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OFFICIAL expressions of sorrow, sympathy and assurances of recompense to the children of Windrush generation are meaningless because the government stands by its legislation that sparked their problems.
Justice Secretary David Gauke made this clear yesterday in rejecting calls for Home Secretary Amber Rudd to resign, explaining that, “when it comes down to it, the central policy is right.”
The central policy in this case is the Immigration Act 2014 passed by the coalition government — yes, the cuddly Liberal Democrats Vince Cable, Nick Clegg and David Laws in bed with David Cameron, George Osborne and Theresa May — to remove rights established in 1973 from Caribbean-born British citizens.
Gauke admits to “very significant failures in terms of how this has been implemented,” just as Laws claims a bit of “common sense ” could have obviated subsequent problems.
They’re both wrong. The Act has played out exactly as the united yellow and blue conservatives intended because they were warned during parliamentary debates in 2013 of its inevitable consequences.
They pursued their goal, believing there were votes to be garnered by creating a “hostile environment” for people born in other countries and wishing to settle here — even British citizens.
As John McDonnell has noted, Labour MP David Lammy exposed the mean motives and likely fallout from the Act, which is why he dismisses government solicitude now as “crocodile tears.”
McDonnell and Lammy were among a small band of Labour MPs who rebelled against the front-bench decision to abstain over this unjust and racist law.
They were joined by Diane Abbott, Kelvin Hopkins, Fiona MacTaggart, Dennis Skinner and Jeremy Corbyn, who shared teller duties with Jonathan Edwards of Plaid Cymru.
Principled opposition came also from the Green Party’s Caroline Lucas, George Galloway of Respect, Liberal Democrats John Leech, Sarah Teather and David Ward, Scottish nationalists Stewart Hosie, Angus MacNeil and Pete Wishart, Northern Ireland SDLP members Mark Durkan and Margaret Ritchie, together with Elfyn Lloyd and Hywel Williams of Plaid Cymru.
None of Labour’s current crop of self-styled moderates, progressives or centre-lefts impelled to invoke items of conscience against Jeremy Corbyn on an all but daily basis could summon the enthusiasm to reject this callous, racist proposal then.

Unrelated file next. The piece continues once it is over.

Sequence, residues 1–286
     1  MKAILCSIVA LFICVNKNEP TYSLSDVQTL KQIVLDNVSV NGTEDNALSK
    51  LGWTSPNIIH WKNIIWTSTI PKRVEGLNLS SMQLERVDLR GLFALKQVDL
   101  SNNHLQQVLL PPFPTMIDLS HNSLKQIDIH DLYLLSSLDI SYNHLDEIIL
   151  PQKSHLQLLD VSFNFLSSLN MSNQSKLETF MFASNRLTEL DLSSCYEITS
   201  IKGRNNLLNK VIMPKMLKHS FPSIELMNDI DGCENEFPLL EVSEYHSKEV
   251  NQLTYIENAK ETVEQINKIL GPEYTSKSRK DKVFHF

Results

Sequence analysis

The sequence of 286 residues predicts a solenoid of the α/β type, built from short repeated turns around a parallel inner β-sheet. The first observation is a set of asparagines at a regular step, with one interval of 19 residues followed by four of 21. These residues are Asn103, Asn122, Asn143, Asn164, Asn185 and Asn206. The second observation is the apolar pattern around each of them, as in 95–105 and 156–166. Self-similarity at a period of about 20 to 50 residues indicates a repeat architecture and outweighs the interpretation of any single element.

Shadow women and equalities minister Dawn Butler is absolutely correct to nail the Prime Minister as responsible for implanting institutional racism at the core of her government.
To downplay her role and restrict resignation calls to current Home Secretary Amber Rudd would be illogical.
Both backed the 2014 Immigration Act, both signed up to the “hostile environment” for immigrants and each is responsible for the tragedies and injustices to which that approach has led.
May talks about compensation, “where appropriate,” for those who fell foul of her compulsory enrolment of landlords, benefits staff, employers and others as immigration officials.
How do you compensate people for being denied the right to work, housing, urgent medical treatment or benefits they are entitled to?
What can make up a refusal to allow British people to visit relatives in the Caribbean or vice versa, sometimes for an emotional final reunion before an anticipated death?
What level of recompense could make it all better for Sentina Bristol whose son Dexter Bristol was found dead in a cold London street after being sacked for not having a British passport which the law wrongly denied him?
The May government’s betrayal of the Windrush children’s fundamental rights cannot be glossed over with some formulaic ritual apology.
Heads must roll and those heads belong to Theresa May and Amber Rudd.
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